The singularity of existence

Every so often I find myself on a long, slow run through the grass.  Nothing to think about, really, just a long stretch of empty grass and myself, alone with my thoughts.  Be it a cold, dark night, filled with heavy, smokey air and twinkling stars; or a hot, humid, lonely night with dark wet grass slipping under my feet.

I can’t help but think of a younger me.  A lanky, sheepish young man hoping, dreaming of tomorrow (today).  2AM and nothing but cool grass, thick air and quiet between me and the pavement.  Throttled through the damp air with nothing but crickets and naive hope enveloping me.  A hope that I would amount to something unique – not even special – just distinct and memorable.  Unencumbered by self-doubt or failed expectations.

When I am alone with my thoughts and feeling nostalgic, I remember these things.  The fear of trying to make the UNC cross-country team.  What it means to fail.  I remember running up the hill on Wood Dale Drive, tired and unsure of myself.  Seeing the sun set behind a giant oak tree and knowing it would be ok.  I don’t know why, I just knew.  Time goes on and everything is ok.

But time marches on; countless men live and die in blind succession.  Falling helplessly like balloons on New Years; signifying something, but quickly forgotten and on to the next new thing.  Out from the darkness above, illuminated for a fleeting moment, and falling again in to nothing.  Signifying all that once was, all that could have been, and all that is forgotten through the generations of new men who rise and fall in the wake.  In the end that’s where we all are headed.  As fleeting and volatile as any other puff of celestial smoke.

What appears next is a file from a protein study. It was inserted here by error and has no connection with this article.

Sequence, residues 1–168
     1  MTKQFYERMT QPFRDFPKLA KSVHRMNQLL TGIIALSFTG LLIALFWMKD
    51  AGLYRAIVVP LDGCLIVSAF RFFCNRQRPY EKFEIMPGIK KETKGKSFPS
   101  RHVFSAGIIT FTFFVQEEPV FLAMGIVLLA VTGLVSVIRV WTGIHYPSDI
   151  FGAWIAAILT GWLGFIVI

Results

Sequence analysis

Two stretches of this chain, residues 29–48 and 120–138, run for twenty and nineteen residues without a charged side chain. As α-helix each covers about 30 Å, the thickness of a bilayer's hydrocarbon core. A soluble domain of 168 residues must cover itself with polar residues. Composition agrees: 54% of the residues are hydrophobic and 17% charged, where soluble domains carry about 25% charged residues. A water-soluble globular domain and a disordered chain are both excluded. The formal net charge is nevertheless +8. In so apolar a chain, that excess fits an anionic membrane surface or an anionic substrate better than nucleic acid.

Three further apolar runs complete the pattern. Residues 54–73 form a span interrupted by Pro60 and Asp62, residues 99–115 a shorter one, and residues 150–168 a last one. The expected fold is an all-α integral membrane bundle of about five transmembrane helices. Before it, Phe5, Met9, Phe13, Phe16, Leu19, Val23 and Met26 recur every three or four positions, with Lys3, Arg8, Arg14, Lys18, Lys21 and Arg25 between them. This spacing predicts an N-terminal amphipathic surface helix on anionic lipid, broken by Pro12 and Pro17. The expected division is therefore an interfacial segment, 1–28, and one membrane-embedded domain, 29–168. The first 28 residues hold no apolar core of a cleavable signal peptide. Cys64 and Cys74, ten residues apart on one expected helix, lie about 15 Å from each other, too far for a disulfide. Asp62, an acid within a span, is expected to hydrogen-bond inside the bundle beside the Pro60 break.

But I am my own person.  I don’t want to be one balloon in the darkness.  Will no one remember how I once pounded thump thump, thump thump, thump thump, alone and shivering in the dark moonlit grass?  Breathing dark and heavy chimney smoke.  Puffing through the humid summer nights.  Marching blindly, endlessly in to the end of all this? Like so many hundreds of men before me…

It’s mad to think we are anything other than a bag full of genetics literally smashing together in an unforgiving pool.  But it seems like so much more sometimes… and it makes me wonder why.  Why am I hurtling forward through this dark and tepid night?

Anyways. If not only for the nights like these, with wind whistling and feet pounding, life seems worth it.

Everyone is given one summer.  Just one.  That’s it, and then its gone.  Ironically, it’s hardly even appreciated at the time.  But maybe that preciousness is what makes it so dear, and what makes life so interesting after that summer.

I don’t know why.  I don’t know how. It just is.

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One response to “The singularity of existence

  1. this is hauntingly beautiful, you need to write a book. welcome back, gatsby 🙂

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